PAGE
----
“Being comfortable also means that there is a higher probability of maintaining a higher level of focus and attention to the tasks at hand, thereby increasing productivity, clarity of thought, and safety.” So says Thomas S. (Denver, CO). It's a wonderful notion that summarizes both Parts I and II of this four-part series. To immediately address Part II’s cliff hanger, everything influences the comfort of laboratory professionals. However, laboratory professionals identified two major factors: Equipment and Culture.
It is a cultural thing
Scientific laboratories thrive on discovery, innovation and results, but must accomplish these goals while always looking through the lens of safety. Having concluded that comfort improves both safety and productivity, it would behoove laboratory managers to nurture a supportive culture.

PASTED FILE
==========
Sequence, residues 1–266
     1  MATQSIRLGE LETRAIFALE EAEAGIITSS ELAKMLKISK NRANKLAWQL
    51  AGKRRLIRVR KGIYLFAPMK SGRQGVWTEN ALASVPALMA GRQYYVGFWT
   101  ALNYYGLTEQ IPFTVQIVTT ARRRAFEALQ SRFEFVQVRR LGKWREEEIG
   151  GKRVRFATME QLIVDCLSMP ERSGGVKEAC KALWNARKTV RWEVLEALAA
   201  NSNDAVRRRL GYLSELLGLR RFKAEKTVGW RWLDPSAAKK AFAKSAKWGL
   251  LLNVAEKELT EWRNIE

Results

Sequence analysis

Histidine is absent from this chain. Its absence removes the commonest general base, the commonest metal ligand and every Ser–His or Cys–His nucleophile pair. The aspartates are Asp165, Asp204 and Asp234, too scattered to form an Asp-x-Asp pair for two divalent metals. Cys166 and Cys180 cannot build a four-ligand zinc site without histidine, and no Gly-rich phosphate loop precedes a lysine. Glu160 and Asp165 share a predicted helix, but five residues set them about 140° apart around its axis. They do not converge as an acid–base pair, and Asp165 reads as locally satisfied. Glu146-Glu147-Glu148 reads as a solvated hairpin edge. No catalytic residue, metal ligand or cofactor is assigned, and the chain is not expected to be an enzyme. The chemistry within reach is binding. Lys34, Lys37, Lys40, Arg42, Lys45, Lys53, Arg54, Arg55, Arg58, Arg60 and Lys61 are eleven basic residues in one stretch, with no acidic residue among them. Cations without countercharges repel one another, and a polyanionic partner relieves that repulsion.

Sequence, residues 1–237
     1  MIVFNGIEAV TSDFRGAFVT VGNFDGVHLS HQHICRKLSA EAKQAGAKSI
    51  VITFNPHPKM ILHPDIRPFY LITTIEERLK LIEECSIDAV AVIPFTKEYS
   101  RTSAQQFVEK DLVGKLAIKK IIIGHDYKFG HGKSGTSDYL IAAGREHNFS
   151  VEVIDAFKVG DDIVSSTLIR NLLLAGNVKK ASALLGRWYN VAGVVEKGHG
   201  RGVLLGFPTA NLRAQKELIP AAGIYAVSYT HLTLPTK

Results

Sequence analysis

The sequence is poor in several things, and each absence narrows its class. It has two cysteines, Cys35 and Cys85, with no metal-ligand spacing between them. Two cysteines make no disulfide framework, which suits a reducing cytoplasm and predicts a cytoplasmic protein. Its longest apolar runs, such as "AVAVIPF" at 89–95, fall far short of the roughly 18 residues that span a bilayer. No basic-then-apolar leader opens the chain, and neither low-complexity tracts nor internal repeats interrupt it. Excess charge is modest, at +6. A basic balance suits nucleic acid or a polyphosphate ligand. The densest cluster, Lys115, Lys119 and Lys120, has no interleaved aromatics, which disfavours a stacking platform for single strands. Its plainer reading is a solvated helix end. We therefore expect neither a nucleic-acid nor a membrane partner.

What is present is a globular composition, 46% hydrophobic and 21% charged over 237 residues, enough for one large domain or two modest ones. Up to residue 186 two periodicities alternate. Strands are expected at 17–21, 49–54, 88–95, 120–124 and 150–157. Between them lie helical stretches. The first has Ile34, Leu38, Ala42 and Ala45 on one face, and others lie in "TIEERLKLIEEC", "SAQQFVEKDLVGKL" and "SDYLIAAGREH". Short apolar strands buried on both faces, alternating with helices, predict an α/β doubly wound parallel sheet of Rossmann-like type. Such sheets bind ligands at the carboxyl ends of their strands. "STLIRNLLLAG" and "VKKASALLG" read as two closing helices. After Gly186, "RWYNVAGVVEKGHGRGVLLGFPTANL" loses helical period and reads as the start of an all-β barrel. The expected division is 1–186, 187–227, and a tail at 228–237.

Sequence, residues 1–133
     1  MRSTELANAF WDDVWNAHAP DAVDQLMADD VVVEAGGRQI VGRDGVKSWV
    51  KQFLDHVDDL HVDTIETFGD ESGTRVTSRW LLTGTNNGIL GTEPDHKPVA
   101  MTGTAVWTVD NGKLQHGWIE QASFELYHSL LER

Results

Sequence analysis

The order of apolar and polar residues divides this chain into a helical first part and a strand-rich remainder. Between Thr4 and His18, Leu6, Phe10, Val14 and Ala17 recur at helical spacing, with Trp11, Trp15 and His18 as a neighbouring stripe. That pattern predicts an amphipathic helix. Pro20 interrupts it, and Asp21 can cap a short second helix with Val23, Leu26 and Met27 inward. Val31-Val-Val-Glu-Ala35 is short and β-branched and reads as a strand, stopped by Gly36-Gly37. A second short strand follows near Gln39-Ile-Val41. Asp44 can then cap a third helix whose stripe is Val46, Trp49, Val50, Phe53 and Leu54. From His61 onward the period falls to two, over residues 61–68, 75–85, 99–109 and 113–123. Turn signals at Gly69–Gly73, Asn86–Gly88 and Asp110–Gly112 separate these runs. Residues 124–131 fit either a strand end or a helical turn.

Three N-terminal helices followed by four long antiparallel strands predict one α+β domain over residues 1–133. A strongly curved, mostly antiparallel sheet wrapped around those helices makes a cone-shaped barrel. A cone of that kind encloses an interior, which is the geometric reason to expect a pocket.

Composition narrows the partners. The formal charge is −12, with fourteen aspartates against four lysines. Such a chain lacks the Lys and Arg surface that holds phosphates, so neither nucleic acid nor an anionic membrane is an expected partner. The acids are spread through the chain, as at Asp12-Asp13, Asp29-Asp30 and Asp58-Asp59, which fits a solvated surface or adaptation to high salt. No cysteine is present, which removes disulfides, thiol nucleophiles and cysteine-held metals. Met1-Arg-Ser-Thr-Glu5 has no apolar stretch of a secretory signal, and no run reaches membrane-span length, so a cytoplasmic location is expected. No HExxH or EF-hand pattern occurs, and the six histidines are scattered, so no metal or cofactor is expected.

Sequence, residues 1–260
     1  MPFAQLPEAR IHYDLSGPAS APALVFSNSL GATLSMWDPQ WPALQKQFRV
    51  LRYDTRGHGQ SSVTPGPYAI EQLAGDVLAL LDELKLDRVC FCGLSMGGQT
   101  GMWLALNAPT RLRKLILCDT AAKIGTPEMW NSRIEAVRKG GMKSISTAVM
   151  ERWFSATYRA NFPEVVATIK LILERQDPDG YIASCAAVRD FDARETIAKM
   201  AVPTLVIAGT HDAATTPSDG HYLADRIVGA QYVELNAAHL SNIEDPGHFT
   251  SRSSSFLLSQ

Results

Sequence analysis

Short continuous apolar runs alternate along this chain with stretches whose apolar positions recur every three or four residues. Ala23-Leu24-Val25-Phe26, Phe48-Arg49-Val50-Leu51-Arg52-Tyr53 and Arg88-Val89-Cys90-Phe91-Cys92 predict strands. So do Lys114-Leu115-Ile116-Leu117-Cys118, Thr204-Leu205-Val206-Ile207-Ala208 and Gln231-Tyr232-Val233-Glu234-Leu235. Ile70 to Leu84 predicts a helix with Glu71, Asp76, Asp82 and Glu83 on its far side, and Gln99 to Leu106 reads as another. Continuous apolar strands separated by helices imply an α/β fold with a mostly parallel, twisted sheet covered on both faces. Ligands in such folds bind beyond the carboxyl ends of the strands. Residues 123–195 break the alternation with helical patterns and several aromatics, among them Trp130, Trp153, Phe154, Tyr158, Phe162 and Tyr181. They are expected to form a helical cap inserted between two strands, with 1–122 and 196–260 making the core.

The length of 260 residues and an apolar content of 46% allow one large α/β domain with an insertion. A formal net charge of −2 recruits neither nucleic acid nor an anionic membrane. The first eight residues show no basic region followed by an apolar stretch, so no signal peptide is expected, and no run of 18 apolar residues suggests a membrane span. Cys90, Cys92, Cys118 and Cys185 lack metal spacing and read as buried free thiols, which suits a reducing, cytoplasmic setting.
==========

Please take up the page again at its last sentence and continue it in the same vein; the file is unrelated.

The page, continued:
There are several ways management can do this. Elizabeth G. (Rochester, NY) suggests that, “we need to foster an environment where employees feel that they can approach us with [pain related] issues.” The end goal being that lab employees be “responsible to bring up unsafe work practices or environments to [their] supervisors or EH&S personnel,” says Gary S (Miami, FL).
A company can go a long way to reinforce this culture by investing in their people’s comfort. And it is more than a morale issue, it is a fiscally responsibility of managament to provide equipment with human design factors (or ergonomics). “The cost of providing the safety gadgets required in the laboratory is cheaper than the cost of curing the damage and loss incurred,” notes Abdul Gafarr T. (Nigeria).
Safety “gadgets” will be the topic of our upcoming fourth and final installment of this discourse.
Equipment is Key. Comfort, unfortunately, is not always possible in some work environments, however, Victor V. of Milwaukee, WI seems to have found an easy...
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